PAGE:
Pa, Ea, Ma and Ea; are political, economic, monetary and financial attractiveness, respectively.
Regional FAM=Σ FAMi
n is the total number of region’s members and i is each country.
FAMi = a.Pa+b.Ea+ c.Ma+d.Fa + μ
a, b, c and d represent the percentage of effectiveness for each factor in FAMi and μ is the other factors “if existed”.
Pa= Σ%p*PiEa= Σ%e*EiMa= Σ%m*MiFa= Σ%f*Fi
P represents the political elements that effect FAMi, E represent the economical elements that effect FAMi, M represents the monetary elements that effect FAMi and F represent the Financial elements that effect FAMi
The percentage of effectiveness for each element varies with regions structure. The main FAM formula is:
Y= aX + bZ + cW
Y is the financial centre as the region financial position, X is the internal factors it’s the sum of the region’s member’s factors/evolution, Z is the regional factors, and W is the international factors.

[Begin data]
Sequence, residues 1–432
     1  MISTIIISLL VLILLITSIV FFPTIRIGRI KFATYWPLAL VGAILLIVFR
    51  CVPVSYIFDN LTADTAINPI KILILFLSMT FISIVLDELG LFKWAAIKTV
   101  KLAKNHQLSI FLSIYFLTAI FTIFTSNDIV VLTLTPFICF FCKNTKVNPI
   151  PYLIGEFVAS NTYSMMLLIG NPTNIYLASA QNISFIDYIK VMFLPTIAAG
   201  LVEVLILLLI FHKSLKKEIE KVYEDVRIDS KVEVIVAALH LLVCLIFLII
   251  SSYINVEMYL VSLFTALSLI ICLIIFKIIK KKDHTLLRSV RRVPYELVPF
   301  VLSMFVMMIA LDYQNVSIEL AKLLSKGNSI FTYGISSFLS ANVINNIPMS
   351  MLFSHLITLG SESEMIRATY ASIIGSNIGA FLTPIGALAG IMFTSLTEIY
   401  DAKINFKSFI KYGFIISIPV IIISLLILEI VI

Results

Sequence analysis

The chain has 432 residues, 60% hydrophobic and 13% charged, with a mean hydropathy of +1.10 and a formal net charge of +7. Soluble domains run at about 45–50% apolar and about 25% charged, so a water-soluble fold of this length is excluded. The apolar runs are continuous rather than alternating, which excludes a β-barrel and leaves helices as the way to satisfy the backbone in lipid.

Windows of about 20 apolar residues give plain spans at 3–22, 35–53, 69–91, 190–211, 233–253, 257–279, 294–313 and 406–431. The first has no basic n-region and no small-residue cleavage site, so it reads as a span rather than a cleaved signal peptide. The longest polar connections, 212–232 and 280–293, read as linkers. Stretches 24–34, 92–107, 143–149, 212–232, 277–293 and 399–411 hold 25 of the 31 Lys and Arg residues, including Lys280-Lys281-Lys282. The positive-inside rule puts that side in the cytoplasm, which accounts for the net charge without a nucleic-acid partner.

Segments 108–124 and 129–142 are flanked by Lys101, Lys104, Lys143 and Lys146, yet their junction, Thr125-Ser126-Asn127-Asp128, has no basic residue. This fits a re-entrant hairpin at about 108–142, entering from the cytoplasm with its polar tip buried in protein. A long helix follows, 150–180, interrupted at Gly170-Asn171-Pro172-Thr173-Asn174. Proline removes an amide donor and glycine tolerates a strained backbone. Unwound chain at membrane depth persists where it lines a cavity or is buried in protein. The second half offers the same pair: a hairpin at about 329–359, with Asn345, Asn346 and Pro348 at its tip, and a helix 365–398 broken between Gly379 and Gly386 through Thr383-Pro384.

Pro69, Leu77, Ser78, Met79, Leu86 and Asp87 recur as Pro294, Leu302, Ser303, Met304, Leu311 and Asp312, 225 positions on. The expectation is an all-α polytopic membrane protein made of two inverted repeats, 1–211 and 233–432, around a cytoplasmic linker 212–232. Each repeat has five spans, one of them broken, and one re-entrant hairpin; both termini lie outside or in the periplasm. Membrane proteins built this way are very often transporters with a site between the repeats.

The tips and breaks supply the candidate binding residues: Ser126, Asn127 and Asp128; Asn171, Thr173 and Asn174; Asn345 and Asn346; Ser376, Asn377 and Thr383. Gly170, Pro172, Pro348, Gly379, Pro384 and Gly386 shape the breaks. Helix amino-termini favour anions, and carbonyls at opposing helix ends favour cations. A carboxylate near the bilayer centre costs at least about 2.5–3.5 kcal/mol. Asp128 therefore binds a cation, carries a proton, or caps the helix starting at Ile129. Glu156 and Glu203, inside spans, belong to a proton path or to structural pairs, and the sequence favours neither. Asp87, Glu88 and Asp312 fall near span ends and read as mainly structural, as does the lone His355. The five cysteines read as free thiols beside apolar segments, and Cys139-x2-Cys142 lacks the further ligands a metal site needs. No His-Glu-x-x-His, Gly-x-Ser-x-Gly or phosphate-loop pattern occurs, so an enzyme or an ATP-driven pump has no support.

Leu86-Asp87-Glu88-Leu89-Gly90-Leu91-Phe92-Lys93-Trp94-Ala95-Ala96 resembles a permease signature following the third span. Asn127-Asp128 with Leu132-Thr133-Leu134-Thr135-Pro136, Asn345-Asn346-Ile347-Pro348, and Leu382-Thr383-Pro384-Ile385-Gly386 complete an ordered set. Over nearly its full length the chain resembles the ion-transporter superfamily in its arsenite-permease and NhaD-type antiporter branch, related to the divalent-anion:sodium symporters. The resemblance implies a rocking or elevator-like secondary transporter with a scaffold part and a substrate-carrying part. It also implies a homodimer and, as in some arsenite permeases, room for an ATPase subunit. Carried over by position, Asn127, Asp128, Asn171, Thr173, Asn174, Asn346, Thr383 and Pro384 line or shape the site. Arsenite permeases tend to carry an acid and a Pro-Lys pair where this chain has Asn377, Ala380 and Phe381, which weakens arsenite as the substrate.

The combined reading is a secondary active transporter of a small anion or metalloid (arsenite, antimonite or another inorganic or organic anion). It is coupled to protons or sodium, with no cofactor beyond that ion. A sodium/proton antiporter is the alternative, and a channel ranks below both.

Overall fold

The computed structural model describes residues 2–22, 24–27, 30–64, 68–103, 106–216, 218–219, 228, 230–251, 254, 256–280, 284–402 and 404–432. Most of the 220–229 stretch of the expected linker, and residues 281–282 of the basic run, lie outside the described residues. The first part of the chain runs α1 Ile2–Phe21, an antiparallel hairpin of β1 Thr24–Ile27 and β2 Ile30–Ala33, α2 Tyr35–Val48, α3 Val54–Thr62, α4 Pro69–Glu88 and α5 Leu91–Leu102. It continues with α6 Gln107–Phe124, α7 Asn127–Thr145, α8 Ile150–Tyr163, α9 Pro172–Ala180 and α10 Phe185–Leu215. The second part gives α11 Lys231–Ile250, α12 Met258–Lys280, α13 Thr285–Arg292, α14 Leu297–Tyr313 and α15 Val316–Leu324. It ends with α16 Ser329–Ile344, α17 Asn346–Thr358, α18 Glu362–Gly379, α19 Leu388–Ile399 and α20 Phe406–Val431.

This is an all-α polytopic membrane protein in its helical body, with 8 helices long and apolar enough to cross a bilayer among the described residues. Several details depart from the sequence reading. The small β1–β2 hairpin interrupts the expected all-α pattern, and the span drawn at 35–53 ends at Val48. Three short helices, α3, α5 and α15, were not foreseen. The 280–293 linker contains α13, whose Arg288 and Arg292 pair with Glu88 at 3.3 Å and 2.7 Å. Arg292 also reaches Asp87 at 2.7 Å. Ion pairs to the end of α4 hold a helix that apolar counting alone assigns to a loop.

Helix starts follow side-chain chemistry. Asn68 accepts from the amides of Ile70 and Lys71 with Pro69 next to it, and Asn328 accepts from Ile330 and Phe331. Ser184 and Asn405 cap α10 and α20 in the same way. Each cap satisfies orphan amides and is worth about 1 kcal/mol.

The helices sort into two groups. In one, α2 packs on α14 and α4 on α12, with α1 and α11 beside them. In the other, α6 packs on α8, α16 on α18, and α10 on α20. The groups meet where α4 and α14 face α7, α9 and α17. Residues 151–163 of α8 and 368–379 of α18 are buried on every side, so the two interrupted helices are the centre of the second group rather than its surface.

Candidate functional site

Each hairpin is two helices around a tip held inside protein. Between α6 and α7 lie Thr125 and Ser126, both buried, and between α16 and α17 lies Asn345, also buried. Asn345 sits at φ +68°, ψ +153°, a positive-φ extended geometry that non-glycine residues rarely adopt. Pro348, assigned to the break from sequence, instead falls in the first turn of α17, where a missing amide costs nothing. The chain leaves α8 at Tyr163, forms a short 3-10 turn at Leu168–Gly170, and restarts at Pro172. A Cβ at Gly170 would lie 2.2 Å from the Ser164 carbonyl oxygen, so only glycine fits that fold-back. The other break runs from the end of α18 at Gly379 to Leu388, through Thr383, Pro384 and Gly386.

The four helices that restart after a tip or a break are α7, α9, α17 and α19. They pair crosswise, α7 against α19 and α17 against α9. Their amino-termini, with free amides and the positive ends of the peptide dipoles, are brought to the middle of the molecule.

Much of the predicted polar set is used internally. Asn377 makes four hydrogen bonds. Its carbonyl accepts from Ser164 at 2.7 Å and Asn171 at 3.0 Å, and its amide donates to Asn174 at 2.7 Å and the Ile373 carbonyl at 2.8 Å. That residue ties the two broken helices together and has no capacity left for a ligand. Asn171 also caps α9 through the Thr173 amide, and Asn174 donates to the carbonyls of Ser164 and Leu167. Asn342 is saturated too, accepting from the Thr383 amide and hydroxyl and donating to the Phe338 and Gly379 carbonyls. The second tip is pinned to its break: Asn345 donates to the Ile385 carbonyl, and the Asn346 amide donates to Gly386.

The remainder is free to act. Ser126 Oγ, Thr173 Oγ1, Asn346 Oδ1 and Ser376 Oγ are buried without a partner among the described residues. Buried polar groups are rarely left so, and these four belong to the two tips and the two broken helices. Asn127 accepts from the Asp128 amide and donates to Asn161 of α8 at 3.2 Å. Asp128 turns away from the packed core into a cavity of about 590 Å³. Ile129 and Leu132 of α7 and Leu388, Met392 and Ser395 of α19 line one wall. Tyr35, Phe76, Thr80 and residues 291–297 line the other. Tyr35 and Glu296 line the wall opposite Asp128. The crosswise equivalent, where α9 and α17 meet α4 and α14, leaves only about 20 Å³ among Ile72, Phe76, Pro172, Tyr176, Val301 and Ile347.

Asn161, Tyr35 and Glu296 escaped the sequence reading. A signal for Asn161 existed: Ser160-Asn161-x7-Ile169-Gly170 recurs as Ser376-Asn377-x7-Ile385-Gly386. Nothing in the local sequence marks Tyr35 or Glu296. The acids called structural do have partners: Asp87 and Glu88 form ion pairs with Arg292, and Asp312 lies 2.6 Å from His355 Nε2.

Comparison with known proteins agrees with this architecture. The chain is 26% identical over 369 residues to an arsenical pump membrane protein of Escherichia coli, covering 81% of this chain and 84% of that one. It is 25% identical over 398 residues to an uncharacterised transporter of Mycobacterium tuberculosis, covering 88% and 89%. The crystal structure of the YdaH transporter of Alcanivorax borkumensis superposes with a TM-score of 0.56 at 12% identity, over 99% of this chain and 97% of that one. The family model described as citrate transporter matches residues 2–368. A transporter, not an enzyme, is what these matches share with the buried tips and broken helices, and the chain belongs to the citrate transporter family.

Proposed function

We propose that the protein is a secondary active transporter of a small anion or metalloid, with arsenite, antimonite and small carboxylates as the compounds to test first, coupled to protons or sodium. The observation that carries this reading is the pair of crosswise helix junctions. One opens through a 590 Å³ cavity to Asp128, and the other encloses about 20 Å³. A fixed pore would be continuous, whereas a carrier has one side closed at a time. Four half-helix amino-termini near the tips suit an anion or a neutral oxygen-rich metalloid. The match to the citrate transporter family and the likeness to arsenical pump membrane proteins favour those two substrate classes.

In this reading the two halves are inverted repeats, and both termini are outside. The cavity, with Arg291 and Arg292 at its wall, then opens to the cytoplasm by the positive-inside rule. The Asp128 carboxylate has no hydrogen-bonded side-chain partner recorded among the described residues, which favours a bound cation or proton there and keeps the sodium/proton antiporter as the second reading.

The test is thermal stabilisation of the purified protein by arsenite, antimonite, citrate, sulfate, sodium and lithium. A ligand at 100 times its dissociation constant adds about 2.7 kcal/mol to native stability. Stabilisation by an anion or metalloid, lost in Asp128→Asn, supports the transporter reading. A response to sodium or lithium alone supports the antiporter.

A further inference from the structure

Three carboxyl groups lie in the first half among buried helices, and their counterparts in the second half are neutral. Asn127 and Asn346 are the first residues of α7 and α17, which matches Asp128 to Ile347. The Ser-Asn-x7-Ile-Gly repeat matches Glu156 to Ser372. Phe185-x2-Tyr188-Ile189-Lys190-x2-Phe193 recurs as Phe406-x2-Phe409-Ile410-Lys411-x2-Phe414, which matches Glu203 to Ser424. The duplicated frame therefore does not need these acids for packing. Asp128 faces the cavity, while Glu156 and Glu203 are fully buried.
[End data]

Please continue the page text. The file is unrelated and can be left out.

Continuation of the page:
The political, economic, monetary and financial performances influences on the RFC specification can be measured as follows:
Yp= aXp +bZp + cWp
Ye= aXe + bZe + cWe
Ym= aXm+ bZm +cWm
Yf=aXf + bZf+ cWf
Yp represents the Political Position/situation, Ye represents the economic position, Ym represents the monetary position, and Yf represents the Financial position.
The research hypothesis:
H1. The regional financial centres are affected by the economic, monetary, financial, socio-political factors.
H2. The regional financial centre is different from the anchor regional financial centre.
H3. The regional financial centre is changing with time within the same regional.
In this section, FAM model will be applied on the GCC as integrating region stock market in order to study the GCC stock markets financial centre [12,13]. The stock markets sensitivity, especially for the emergent economy regions, makes the regional stock market financial centre specification harder. We test the GCC financial stock market centre during 2000 to 2004 due to the important economic changes in the GCC region after Iraq war, increase in oil prices (GCC oil producers countries), and the increase in the GCC stock market activities , then in two sub-periods from 2000 to 2002 and from 2002 to 2004.